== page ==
We Can Fellowship the Methodists on Those Conditions
O. C. Birdwell, Jr.
While I preached for the Vivion Road Church in Kansas City, Missouri, an area preacher approached me with the request that we work together in unity and have fellowship between the two congregations. He wanted such fellowship to include the announcement of meetings and general encouragement through attendance and other available means. His condition for fellowship was that we not oppose what they did or taught. Whether we did or did not engage in such practice and teaching was a matter of indifference to him. All he wanted was no opposition from us.
This preacher asked me not to oppose church contributions to human institutions, sponsoring church arrangements, church sponsored and paid for recreation, and other similar practices that go along with the "social gospel" movement. He suggested that if I continued to voice opposition they would have no fellowship whatsoever with us and would continue to ignore us in general to the extent that they would not even regard us as brethren. Everywhere I have been since I moved from Kansas City, the advocates of tile above mentioned practices have expressed the same sentiment about fellowship.
As kindly as I knew how to speak, my answer was, "We can fellowship the Methodists and almost any other denominational church on those conditions. They do not care if we do not practice sprinkling for baptism. They do not care if we do not use a mechanical instrument of music in our worship. All they ask is that we not oppose what they practice and teach."
Lately, I have heard some talk and read some writing that seems to indicate that those of us who oppose institutionalism and the many associated practices are not kind and mannerly, and if we would change and so act the "liberals" would welcome us with open arms and together we could fight modernism.
There are several things wrong with this type thinking. First, the inference seems to be that unkindness and ugliness on the part of those called "conservatives" was the reason for the division to begin with. Nothing could be farther from the truth. In general, the debates, articles, and sermons by my brethren on the subject of "liberalism" have been and still are sincere scriptural efforts to present the truth on the work of the church and persuade men to obey it. To infer that unkindness on our part is the cause of the lack of fellowship seen today is to slander a great majority of the faithful gospel preachers and Christians who have for the past twenty years stood in the heat of the battle for truth. I reject any such position.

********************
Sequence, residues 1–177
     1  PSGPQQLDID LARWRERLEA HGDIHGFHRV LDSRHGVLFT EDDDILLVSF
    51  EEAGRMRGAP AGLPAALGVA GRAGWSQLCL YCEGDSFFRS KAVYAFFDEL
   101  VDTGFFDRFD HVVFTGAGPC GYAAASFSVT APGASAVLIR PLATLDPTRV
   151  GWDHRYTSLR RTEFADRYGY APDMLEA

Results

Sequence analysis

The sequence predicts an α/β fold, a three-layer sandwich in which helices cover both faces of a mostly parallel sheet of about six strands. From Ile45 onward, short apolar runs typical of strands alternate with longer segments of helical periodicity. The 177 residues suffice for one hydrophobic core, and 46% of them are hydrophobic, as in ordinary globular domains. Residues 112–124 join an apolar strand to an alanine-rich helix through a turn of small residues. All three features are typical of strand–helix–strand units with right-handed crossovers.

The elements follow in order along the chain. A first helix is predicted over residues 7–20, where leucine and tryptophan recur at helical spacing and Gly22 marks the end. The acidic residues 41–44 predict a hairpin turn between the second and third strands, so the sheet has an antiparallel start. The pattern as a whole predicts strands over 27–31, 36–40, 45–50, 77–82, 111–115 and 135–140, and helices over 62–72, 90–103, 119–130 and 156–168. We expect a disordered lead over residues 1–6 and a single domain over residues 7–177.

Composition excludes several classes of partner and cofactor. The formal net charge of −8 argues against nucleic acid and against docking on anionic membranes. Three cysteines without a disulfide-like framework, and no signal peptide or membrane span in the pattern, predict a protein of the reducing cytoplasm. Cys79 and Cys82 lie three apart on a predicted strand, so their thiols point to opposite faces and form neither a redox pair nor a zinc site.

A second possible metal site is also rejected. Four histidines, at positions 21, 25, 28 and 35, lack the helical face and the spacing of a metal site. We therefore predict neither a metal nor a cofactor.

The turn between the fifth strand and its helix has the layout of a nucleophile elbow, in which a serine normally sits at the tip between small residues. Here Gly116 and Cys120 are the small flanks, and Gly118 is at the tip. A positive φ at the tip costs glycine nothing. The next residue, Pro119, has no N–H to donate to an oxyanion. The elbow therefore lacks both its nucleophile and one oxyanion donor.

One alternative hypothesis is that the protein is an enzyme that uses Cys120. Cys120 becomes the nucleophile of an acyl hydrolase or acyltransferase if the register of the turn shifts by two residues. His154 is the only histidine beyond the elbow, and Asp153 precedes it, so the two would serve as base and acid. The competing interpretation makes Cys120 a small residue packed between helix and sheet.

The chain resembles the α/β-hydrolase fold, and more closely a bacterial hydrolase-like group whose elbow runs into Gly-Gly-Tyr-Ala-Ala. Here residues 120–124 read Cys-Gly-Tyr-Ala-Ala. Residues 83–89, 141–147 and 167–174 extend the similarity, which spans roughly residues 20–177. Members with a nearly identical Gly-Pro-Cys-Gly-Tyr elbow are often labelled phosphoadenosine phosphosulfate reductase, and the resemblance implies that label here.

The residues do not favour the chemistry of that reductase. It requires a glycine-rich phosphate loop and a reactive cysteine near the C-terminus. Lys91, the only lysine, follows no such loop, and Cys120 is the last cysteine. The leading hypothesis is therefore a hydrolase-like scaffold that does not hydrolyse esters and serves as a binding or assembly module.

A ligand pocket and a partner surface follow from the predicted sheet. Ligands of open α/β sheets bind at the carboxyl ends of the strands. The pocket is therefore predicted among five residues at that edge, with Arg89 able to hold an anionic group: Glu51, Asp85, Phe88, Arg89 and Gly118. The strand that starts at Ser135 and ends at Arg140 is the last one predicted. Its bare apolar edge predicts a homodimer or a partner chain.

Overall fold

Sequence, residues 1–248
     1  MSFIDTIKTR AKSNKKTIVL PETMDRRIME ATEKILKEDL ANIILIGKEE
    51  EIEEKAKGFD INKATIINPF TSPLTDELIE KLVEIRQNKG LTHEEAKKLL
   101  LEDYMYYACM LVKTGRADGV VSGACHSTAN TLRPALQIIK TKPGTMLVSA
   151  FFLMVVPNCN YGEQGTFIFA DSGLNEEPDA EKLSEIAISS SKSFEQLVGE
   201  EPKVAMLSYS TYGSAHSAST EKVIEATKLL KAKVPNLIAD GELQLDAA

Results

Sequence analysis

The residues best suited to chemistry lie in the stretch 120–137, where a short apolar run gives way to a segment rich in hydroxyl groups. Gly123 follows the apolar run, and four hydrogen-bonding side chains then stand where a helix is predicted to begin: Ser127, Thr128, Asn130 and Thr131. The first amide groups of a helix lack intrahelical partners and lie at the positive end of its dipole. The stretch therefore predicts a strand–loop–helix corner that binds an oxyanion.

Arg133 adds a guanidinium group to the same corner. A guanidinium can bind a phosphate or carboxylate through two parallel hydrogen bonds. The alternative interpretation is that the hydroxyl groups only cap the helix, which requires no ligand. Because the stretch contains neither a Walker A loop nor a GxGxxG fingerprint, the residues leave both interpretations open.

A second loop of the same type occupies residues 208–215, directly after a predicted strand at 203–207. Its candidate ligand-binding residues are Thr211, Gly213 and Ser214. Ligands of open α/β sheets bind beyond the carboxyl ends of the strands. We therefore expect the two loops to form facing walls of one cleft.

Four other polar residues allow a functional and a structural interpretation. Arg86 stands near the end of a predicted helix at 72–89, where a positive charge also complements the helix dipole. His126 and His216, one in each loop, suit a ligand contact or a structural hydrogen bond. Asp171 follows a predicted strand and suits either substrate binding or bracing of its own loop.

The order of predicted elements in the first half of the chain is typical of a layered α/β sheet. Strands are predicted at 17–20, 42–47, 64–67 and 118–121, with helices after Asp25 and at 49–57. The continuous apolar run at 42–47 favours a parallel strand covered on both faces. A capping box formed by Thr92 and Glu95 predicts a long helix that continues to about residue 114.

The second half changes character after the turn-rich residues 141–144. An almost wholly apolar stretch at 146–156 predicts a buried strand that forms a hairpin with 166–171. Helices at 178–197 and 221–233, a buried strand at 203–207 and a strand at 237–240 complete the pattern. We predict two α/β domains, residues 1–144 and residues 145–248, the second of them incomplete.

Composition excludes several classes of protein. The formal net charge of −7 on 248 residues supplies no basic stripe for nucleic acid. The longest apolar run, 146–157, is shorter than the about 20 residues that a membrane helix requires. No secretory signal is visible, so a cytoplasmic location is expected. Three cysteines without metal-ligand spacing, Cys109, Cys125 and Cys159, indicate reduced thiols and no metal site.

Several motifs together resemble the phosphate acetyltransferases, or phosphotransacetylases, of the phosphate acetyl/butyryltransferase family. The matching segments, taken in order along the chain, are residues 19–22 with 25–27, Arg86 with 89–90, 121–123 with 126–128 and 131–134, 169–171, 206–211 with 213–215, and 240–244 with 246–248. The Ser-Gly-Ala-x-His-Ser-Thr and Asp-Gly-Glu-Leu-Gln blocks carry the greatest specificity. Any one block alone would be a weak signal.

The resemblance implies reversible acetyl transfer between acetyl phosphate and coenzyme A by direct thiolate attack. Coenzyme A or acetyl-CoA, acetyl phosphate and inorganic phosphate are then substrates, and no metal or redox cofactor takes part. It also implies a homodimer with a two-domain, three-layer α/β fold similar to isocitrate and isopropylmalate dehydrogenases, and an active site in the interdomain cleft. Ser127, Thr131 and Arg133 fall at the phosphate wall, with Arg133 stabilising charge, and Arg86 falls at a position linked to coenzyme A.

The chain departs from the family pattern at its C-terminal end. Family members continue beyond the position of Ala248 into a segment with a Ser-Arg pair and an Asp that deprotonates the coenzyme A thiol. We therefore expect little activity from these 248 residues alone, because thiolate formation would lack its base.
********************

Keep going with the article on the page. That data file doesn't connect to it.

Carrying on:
Second, if there has been any indication from these brethren that they have had a change of heart and would like to have fellowship with us while we teach truth that will condemn their practice, I have not seen it. Neither have I seen any indication that they are willing to change their practice. In fact, with the exception of some rural and small town churches, the movement is farther and farther away from the truth; not toward truth. This does not mean that we should not continue to have discussions with these people and use every means to persuade them to accept the truth. It does mean that they will not accept our fellowship as long as we oppose their unscriptural schemes. And sincere men cannot remain silent.
Third, the idea that we cannot effectively oppose modernism unless we are in fellowship with the "liberals" is not sound thinking. I have no argument with the truth anyone teaches. I do not oppose their opposition to modernism. They are right on this subject. But I cannot have fellowship with them just because they are right on modernism! Many religionists called "Evangelicals" actively and, as far as I know, effectively oppose modernism. But while they oppose modernism they embrace part or all the false doctrines of Calvin, Roberts, Graham, and many others who represent almost the entire range of denominationalism. Because they embrace these false doctrines I cannot stand in their line of battle against modernism. Surely one can see that we can effectively oppose the sin they also oppose without standing with them and remaining silent about the sin they condone.
Our obligation is to oppose, with the full force of the Word, modernism, along with all the other "isms" that are wrong. We cannot silence our teaching on the scriptural work of the church in order to have fellowship with our "liberal" brethren in the opposition to modernism. If they will cease their unscriptural promotions and stand with us and preach Christ to a lost world wonderful. But fellowship and unity on any basis other than truth must be rejected.
TRUTH MAGAZINE XIV: 3, pp. 11-12
November 20, 1969